by David Kulma
No Exit’s summer offerings took a surprising, yet delightful turn on Friday, July 19 — to classic video game music. Rob Kovacs is from the generation of musicians who grew up playing video games on the Nintendo Entertainment System (NES) in the late 80s. Last year, he began an ambitious project dedicated to arranging this music for solo piano. 88bit, Kovacs’s alter ego, now has about an hour’s worth of music from eight games in his memorized repertoire. He played with passion and panache on his electronic keyboard at the intermission-less concert in the cozy atmosphere of Appletree Books in Cleveland Heights.
Vintage game music presents some obvious difficulties for human performance. The composing possibilities of the 8-bit NES allowed composers to write three simultaneous musical lines at any given time. While they often feature the familiar texture of a melody and a bass line, the options regularly exceed easy distribution between two hands and go at speeds that make human musicians seem slothful. In addition, the length of time a game player would spend in a particular environment was unknowable, so the composers chose to create catchy loops that continued until the player moved to a new stage. Taking these loops and stringing them together without musical understanding could easily lead to endless vamping.
Kovacs easily surmounted these issues, creating cohesive wholes. He possesses bountiful virtuosity as well as a good compositional handle on how the disparate musics of each game could flow into a standalone musical narrative. At times, Kovacs created veritable single-movement sonatas out of this spiraling, jumpy computer music. The best example was his take on Yoshio Hirai’s music for StarTropics, an action/adventure game released in 1990. The various themes were given functional names (“Title Screen,” “Danger,” “Victory!”) as well as poetic ones that fit the game’s story (“The Test of Island Courage — Dungeon”). The music flowed so well in Kovacs’ hands that when the “Boss Battle” theme came around, I was overtaken by the anxiety I remember as a kid playing similar games fighting evil overlords.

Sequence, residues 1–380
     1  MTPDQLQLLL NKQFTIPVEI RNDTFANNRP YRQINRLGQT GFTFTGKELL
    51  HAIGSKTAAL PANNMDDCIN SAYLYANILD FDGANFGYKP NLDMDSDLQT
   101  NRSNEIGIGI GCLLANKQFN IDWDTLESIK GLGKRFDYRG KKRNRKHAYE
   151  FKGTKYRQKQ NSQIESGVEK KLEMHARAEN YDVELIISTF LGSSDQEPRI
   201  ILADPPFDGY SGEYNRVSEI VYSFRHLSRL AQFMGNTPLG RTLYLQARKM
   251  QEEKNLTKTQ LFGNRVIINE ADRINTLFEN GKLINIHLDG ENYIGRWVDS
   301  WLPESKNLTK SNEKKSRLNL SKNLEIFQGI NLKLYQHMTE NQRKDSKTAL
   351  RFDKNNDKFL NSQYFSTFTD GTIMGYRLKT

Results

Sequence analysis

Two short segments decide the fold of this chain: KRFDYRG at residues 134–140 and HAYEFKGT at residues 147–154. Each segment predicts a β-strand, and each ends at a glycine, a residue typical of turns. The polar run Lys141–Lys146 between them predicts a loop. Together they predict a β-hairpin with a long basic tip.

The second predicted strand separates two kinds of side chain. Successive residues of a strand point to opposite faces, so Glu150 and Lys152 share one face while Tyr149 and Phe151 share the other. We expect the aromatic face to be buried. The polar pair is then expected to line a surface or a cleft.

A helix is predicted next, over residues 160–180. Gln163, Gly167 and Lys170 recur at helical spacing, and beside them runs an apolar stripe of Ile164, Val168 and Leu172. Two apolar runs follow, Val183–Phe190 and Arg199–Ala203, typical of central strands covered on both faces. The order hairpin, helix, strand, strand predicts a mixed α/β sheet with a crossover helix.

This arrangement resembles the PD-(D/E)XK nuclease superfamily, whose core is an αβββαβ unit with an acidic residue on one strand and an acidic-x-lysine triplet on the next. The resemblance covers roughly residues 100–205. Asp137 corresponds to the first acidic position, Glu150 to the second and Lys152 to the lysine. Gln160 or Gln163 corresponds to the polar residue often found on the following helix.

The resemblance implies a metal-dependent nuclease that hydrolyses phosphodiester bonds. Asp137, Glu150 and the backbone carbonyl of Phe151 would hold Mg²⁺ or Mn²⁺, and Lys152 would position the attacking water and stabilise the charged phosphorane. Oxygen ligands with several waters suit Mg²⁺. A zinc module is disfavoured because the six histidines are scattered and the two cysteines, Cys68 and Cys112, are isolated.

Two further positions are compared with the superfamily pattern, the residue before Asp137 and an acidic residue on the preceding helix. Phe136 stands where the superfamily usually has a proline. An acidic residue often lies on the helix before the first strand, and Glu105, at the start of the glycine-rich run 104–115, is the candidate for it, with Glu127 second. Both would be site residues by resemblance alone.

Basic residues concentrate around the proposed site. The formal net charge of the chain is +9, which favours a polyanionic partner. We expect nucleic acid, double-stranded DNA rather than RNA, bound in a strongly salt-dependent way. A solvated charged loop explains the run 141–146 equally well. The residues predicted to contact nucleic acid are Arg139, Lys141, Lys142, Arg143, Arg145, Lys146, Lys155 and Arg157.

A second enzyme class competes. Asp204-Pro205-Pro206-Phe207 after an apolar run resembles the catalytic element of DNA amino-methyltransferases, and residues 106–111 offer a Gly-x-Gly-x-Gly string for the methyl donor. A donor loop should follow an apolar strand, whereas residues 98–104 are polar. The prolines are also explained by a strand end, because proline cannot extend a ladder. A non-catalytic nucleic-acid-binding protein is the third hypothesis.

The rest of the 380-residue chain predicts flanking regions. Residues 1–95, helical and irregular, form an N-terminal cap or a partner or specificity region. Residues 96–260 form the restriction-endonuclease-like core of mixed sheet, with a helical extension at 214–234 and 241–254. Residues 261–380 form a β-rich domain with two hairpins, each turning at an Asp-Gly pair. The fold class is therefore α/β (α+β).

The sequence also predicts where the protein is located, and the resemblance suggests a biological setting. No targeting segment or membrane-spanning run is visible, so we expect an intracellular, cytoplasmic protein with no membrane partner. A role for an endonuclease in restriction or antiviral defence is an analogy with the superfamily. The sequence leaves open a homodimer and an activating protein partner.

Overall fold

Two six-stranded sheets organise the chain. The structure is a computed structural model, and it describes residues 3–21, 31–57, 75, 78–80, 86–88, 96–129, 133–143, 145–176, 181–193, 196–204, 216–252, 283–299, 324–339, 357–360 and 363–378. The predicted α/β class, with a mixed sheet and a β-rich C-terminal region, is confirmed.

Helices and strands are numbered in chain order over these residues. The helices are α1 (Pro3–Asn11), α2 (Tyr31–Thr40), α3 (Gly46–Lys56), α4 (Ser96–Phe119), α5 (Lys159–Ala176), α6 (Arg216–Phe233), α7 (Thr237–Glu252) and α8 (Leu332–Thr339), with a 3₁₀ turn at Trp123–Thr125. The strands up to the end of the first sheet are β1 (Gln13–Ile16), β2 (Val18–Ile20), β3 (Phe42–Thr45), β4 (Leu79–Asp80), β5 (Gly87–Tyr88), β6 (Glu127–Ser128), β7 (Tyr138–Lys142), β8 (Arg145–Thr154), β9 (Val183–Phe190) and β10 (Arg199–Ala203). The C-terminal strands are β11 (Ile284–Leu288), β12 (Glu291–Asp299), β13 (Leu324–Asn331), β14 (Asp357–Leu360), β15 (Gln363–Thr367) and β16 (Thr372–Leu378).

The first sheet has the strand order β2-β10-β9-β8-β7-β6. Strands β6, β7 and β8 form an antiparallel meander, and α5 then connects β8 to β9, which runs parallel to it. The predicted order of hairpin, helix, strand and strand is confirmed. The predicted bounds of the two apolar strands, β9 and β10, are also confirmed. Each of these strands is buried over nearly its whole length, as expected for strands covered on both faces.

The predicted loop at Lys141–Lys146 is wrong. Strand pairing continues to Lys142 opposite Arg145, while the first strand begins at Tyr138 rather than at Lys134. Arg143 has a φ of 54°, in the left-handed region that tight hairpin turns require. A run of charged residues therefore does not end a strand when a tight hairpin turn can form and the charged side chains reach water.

Like StarTropics, most of the concert was filled with music from games unfamiliar to me, but were enjoyable discoveries. The Adventures of Lolo resembled the Joplinesque main Mario theme — with a Latin feel — while Marble Madness was a fantastical set of etudes akin to Debussy had he been more ruthlessly minimalist. Kovacs’ highly pianistic arranging choices used textures similar to Mendelssohn and Brahms where the middle voice is a hand-switching menagerie, and thickening octave doublings that made this deep-cut concert easily digestible for a classical aficionado.
The two lengthiest selections were from two well-known games, while avoiding the obvious choice of Super Mario Bros. Nobuo Uematsu’s beautiful music for the original Final Fantasy (1987) is the most obviously pianistic of NES music with a famous “Prelude” featuring atmospheric, spindly arpeggios, while Takashi Tateishi’s energetic music for Mega Man 2 (1988) was full of rock bombast at high speeds.
Kovacs hopes to arrange all of the music ever released on the NES, and based on his obvious hard work and clear passion, his 88bit project is a worthwhile and impressive feat of musical skill and imagination.
Published on ClevelandClassical.com July 29, 2019.
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